"Africa is, indeed, coming into fashion." - Horace Walpole (1774)


take a look at yourself and you can look at others differently

My last days in Kinshasa weren't so bad. The place wears you down quickly, though. Wednesday Wonderful Taxi Driver John had to go to his other job (see below), so he had his friend José pick me up at the Cultural Center. That's right. José. José is Kinois, born and raised in the Congolese capital, and doesn't appear to speak any Spanish. I don't know. Anyway, he's just as nice as Wonderful Taxi Driver John, although José's car was hot-wired. No, really. There were no keys. He had taken me to Kabila's mausoleum the other day, and yesterday took me to the Academie des Beaux Artes (Academy of Fine Arts), the professional art school here. The professors there have two galleries in which they sell sculpture, ceramics, and paintings. There was some lovely stuff there – I splurged on this painting, which will look so cute in my living room.

Kinshasa wasn't all bad. I got some great fabrics at Utexafrica (Wonderful Taxi Driver John could not understand why I thought that was a great name – in French it stands for African Textile Factory). I picked up three pagnes (6-yard pieces of printed wax fabric) there, including a very special gift for the Bibi "Bwana Ain't Fupi" B. Let's just say that her CBF is going to be extra-special.

And the grocery stores have everything, including STRAWBERRIES. For $7. Which was actually cheaper than buying lunch. They were really good.

Seeing a red miata zipping through town with the top down was also pretty funny. And it made me sad.

Thursday morning Wonderful Taxi Driver John picked me up at 6:30 to drive to Ndjili. He had a tape that his brother in Dallas had sent – old school southern gospel. So my last glimpses of Kinshasa came with the sound of "I'll Fly Away." We passed the Lumumba statue listening to "Put Your Hand in the Hand," Wonderful Taxi Driver John put on his MONUC badge (he works there part time) to ward off the bad people at the airport, and I managed to get my passport back from a man who claimed to be a "Protocol Officer" and not pay anyone bribes. The plane ride back was Something Else – sat with Larry from the Bronx who was headed to look for diamonds (Really.) and Conservation John who came to Zaire with his wife in 1971 to work on their dissertations and basically never left. Conservation John wanted to meet Mr. Florida and to put us in touch with some of his contacts here in Goma, so we all ended up at Doga (a restaurant/club that's the big expat hangout here) talking about land tenure and German zoologists who train commando forces to protect the mountain gorillas in Virunga National Park. A fitting end to the Kinshasa trip.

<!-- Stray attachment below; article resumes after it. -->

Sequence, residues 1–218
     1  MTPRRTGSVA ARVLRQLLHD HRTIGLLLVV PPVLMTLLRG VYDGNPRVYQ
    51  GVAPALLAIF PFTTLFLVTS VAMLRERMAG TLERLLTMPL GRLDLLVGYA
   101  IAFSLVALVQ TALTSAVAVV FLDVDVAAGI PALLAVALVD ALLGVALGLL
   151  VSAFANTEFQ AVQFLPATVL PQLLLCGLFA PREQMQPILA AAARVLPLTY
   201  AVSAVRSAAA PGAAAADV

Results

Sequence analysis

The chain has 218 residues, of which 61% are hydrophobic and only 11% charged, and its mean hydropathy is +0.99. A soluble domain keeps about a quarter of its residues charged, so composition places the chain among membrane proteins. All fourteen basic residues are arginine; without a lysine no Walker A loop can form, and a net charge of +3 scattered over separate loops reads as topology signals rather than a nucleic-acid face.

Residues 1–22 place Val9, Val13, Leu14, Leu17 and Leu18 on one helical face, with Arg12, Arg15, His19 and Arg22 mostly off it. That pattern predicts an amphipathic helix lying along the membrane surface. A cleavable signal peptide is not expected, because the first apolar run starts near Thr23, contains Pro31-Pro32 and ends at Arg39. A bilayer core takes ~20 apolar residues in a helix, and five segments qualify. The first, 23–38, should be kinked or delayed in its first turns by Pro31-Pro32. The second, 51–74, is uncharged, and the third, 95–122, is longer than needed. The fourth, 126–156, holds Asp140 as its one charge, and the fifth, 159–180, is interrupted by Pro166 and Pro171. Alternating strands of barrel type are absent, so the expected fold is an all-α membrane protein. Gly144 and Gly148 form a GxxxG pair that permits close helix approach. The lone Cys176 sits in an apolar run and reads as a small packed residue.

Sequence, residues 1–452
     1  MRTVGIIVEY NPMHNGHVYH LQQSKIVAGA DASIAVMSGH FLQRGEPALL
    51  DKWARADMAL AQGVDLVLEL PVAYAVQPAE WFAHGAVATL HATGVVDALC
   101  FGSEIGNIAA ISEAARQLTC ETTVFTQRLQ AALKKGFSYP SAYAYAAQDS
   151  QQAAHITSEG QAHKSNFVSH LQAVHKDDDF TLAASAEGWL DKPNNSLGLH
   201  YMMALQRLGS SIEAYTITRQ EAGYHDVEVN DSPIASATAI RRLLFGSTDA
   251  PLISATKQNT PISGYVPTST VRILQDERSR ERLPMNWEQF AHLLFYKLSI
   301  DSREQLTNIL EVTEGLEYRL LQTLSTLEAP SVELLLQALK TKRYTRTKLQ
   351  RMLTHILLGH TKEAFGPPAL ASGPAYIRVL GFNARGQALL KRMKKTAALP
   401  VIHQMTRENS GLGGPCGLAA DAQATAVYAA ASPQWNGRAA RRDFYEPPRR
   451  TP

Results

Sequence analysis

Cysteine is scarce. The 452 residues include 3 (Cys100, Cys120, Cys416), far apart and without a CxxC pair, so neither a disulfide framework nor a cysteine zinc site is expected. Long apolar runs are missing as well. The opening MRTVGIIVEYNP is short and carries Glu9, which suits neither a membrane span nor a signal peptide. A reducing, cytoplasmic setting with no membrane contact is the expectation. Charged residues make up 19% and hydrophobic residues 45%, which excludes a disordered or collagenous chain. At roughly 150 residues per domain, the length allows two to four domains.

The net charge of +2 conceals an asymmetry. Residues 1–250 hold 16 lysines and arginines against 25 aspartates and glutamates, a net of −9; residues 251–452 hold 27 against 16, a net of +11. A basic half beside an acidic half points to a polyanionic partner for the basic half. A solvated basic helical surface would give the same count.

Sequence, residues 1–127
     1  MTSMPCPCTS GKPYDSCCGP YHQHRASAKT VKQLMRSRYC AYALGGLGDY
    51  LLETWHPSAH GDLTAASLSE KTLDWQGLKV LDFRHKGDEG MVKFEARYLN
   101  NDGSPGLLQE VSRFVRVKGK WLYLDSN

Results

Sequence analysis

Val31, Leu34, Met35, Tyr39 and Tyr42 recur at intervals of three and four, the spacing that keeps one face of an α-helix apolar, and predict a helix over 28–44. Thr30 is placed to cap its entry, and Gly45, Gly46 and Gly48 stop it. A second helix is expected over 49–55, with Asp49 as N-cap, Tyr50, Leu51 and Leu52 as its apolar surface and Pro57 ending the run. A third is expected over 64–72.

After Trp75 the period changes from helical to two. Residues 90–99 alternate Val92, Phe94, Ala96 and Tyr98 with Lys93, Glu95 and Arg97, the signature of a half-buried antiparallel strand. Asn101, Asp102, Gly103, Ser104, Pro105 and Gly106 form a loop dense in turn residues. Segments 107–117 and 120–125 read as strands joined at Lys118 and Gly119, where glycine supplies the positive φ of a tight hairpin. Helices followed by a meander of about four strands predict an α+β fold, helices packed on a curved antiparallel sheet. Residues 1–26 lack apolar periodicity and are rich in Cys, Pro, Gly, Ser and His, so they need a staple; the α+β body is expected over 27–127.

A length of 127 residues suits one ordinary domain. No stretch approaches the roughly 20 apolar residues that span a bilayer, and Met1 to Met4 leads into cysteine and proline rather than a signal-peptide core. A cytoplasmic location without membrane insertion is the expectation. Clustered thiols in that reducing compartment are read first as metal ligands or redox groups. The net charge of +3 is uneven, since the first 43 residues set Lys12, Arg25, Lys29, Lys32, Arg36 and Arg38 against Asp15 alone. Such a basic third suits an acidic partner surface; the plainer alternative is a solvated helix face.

The best part about Kinshasa was getting to see my friends Tom and Christine and their adorable children. Tom was my boss in Cameroon the summer after undergrad. I've been lucky to have great bosses at almost every job I've ever had, but Tom and I just clicked in a way that made the experience in Cameroon so much fun. Most expats in Africa either completely hate it here and do their best to get out after a year or two, or they adore it so much that they "go native," marry a local, and stay forever. I'm not either one, and neither are Tom and Christine. We are all fascinated by this place, but also see what a mess it will be until the leadership decides to make things better. Christine, Tom's Australian wife, is just great, and their kids have grown up so much in the last six years. The last time I saw them, their daughter was 3 years old - we sat on the front porch one night while she named all the stars in the sky after people she knew. Now she's nine and quite the hostess with helping her mom entertain. It was really fun to have dinner at their home twice while I was in Kinshasa, and to get to watch the rest of Capote Wednesday night – they have Netflix! (By the way, Capote was soooooooo much better than Crash. I had seen the first half on the plane, but fell asleep during the second half. But what an amazing character study and exploration of the use of others' suffering for selfish ends. But I digress.) It was great. They've invited me back and offered one of the kids' rooms as a free place to stay, so I might go back to Kinshasa in May. Maybe.

There actually is one reason I might go back, but an explanation of that will have to wait. Suffice it to say, I have a potential job offer for the first part of the summer, it would be crazy-interesting, and it might even pay well. We'll see. For now, I'm glad to be back in Goma. I am planning to stick around for the visit of a very important visitor on Tuesday and will hopefully get to Kampala after that. Thanks for your prayers!


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